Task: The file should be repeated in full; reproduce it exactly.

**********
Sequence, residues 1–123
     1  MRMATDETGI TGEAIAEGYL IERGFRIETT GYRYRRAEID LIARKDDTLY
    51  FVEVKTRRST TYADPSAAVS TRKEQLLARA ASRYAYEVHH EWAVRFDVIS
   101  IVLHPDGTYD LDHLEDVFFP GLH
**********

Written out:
Sequence, residues 1–123
     1  MRMATDETGI TGEAIAEGYL IERGFRIETT GYRYRRAEID LIARKDDTLY
    51  FVEVKTRRST TYADPSAAVS TRKEQLLARA ASRYAYEVHH EWAVRFDVIS
   101  IVLHPDGTYD LDHLEDVFFP GLH